Since the Celtic Explorer moved exceedingly slowly for most of the day (and was often parked for long periods) it became a target for passing seabirds. They checked us out. Presumably, we might have been a fishing boat offering surrogate food. For the first time since leaving Cobh we turned Pied Piper and drew a following. The cast was tremendous. I guess most birds were migrants and simply dropped in on the way south. Saturday 29 August 2009 became Skua Day. First up was a Pomarine,

followed by Bonxies, then another Pomarine, then Arctics and, eventually, a splendid adult Long-tailed Skua.

Two of the Pomarine Skuas circled so low overhead that they must have felt the blast of heat from the ship’s funnels. The totals were: Bonxie 6, Pomarine 4, Arctic 3, Long-tailed 2. The first Long-tailed Skua might still have had streamers but the second did not. Both adults (and a streamer-less adult seen several days ago) had developed scattered dusky blotching high on the chest and side of the face. This must be the onset of winter plumage. The effect, at distance, can suggest a breast band and might spark thoughts that the bird is not a Long-tailed Skua and is, instead, an Arctic? Few observers seem to be aware of the blotching. Never mind. The combination of unicoloured grey underwings and belly (including all of vent) is characteristic. So too the merged transition of grey belly to small white chest. As I said to others watching the bird with me, in plumage and structure adult Long-tailed Skua resembles an anorexic Peregrine. All agreed. Other passers-by today were: Blue Fulmar (fourth of trip), Fulmar 40, LBBG 3, Gannet 6, Arctic Tern 8, Great Shearwater 5, Sooty Shearwater 1, Manx Shearwater 8.

Once again, all Manx Shearwaters were powering along and seemed to be saying, “South America here I come.” Some floating plastic rubbish appeared in the wake of the ship at just before dinner. A sad sight but there was a silver lining: Dermot saw a Wilson’s Petrel pitter-pattering over it in the off chance that something was edible. Sauce bottles were among the detritus, so perhaps the Wilson’s had been attracted by the smell? A Fin Whale surfaced just behind the boat at 2115hrs. Several times today I saw blows that were put down to Fin Whales. No hydrophones were operational due to all the cable hauling. Probably, they would have confirmed the whales’ identity.

Day 12: Sunday 30 August

The final day dawned murky and stayed that way. Poor visibility and, by late afternoon, continuous rain did its best to smother us. However, a little miracle was played out on a stage that spanned just a few hundred metres. Into our orbit passed a succession of stars. At 0500hrs we were on the eastern edge of the Porcupine Bank and were over relatively shallow seas – depth around 300 metres – for the rest of daylight. Storm Petrels were back in numbers (easily 100 in the course of the day) and so too Gannets (75). We encountered a group of 22 LBBGs around 60 miles west of Slyne Head, Galway. Apart from three adults, all were juveniles. It was as if we had run into a mob of Flying Foxes. A parade of seabird glitterati kicked off with an adult Sabine’s Gull in full summer plumage. After that, it was like watching an encore of the last fortnight’s highlights. There were adult Pomarine Skuas (ten), Long-tailed Skuas (two adults), two more Sabine’s Gulls, three apiece of Great and Sooty Shearwaters, a few Manx Shearwaters, six Bonxies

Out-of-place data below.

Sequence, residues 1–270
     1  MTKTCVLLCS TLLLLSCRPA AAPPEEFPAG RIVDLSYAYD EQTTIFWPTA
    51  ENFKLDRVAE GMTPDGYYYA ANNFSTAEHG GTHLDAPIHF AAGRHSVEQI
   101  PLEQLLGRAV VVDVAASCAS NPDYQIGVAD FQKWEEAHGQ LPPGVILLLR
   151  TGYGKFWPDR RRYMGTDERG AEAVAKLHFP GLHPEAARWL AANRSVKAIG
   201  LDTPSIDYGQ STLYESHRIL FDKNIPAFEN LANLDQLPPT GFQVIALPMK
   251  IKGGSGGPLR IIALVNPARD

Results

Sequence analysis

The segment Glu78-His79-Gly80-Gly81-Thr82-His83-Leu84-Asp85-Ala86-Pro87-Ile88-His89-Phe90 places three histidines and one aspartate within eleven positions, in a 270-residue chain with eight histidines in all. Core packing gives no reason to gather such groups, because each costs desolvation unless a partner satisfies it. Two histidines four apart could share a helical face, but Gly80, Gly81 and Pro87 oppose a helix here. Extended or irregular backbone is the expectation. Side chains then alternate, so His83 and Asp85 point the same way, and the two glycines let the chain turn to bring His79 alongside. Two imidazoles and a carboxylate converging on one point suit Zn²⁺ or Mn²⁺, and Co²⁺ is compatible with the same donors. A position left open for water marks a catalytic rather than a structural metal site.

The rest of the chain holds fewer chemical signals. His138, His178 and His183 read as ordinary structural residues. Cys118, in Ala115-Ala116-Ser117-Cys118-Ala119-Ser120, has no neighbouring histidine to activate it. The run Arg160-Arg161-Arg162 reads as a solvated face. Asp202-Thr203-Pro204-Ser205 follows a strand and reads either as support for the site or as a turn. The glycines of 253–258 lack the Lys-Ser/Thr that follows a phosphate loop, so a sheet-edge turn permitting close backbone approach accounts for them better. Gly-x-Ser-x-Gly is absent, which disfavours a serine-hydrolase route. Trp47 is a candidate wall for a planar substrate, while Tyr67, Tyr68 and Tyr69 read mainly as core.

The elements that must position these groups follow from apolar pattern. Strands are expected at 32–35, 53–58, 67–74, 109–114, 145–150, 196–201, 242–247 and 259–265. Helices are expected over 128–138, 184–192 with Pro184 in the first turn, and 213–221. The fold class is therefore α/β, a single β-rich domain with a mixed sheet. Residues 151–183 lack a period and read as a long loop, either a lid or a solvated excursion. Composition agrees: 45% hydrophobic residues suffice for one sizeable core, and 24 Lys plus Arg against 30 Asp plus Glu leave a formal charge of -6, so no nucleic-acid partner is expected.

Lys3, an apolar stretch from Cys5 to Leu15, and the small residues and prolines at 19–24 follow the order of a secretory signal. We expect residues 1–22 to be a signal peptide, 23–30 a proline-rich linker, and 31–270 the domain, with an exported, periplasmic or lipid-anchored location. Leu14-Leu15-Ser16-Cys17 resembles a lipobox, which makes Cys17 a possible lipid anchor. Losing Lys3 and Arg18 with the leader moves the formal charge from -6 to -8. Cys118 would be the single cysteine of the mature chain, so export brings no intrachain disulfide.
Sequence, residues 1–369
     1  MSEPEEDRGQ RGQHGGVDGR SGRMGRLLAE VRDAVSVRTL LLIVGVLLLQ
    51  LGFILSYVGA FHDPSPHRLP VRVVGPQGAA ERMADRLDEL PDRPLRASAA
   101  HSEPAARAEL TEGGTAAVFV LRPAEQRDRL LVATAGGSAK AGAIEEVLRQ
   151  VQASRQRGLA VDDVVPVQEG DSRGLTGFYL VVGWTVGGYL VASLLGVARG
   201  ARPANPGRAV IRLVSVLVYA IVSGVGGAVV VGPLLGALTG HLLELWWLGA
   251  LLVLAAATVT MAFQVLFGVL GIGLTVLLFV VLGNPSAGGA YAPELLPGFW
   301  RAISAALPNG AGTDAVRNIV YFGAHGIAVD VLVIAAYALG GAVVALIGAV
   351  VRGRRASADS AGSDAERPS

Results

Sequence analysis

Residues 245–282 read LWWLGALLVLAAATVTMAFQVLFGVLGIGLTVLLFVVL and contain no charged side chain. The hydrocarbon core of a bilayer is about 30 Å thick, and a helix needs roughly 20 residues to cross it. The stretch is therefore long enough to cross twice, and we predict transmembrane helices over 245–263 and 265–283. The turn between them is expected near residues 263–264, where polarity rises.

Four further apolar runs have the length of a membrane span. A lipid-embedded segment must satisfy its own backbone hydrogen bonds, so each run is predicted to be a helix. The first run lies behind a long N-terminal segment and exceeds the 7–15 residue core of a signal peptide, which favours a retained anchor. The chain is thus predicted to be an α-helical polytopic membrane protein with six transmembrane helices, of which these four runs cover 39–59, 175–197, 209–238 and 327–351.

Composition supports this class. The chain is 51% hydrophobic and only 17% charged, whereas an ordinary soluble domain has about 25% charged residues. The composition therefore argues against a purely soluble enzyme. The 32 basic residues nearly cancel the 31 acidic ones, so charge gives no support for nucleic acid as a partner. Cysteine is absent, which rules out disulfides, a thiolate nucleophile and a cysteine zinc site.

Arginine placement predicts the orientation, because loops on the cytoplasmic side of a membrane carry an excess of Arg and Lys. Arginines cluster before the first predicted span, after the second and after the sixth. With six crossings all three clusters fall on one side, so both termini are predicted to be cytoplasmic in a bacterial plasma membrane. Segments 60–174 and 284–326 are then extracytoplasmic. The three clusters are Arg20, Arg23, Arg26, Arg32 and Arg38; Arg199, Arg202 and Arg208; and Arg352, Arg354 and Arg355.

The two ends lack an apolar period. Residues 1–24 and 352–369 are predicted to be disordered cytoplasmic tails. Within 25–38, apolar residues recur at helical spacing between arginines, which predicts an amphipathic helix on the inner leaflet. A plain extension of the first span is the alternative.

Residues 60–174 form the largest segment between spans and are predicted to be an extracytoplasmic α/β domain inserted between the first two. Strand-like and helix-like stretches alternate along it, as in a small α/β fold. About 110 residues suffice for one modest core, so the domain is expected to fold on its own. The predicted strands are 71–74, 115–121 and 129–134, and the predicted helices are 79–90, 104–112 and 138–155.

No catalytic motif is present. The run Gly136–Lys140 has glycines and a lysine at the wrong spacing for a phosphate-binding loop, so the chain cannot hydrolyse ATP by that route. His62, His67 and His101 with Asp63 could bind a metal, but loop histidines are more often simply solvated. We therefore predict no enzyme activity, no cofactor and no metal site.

including the only juvenile of the trip, three Arctic Skuas and then a mint condition Blue Fulmar. Heavy rain closed everything down around 1800hrs but not before a final Pomarine Skua lumbered by. Its sinister bulk slunk off into the gathering gloom, disappearing enigmatically like a U-boat into the grey of the North Atlantic. Lost to mist, it left you there, on your own, marvelling at the mysteries of this vast watery wilderness.


Photos by Anthony McGeehan and Dermot Breen

4 Sep 2009

National Vulture Awareness Day 5 September 2009

National Vulture Awareness Day aims to create awareness of the plight of southern Africa’s vultures and to highlight the conservation work being done to protect these birds and their habitats. This year the day will be celebrated on Saturday 5 September.